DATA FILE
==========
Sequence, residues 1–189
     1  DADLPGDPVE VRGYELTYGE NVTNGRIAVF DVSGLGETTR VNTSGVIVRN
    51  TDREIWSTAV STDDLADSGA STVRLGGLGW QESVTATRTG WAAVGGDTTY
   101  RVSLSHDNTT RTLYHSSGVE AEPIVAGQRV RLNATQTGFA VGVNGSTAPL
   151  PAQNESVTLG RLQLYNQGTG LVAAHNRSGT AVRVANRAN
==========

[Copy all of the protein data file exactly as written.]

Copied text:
Sequence, residues 1–189
     1  DADLPGDPVE VRGYELTYGE NVTNGRIAVF DVSGLGETTR VNTSGVIVRN
    51  TDREIWSTAV STDDLADSGA STVRLGGLGW QESVTATRTG WAAVGGDTTY
   101  RVSLSHDNTT RTLYHSSGVE AEPIVAGQRV RLNATQTGFA VGVNGSTAPL
   151  PAQNESVTLG RLQLYNQGTG LVAAHNRSGT AVRVANRAN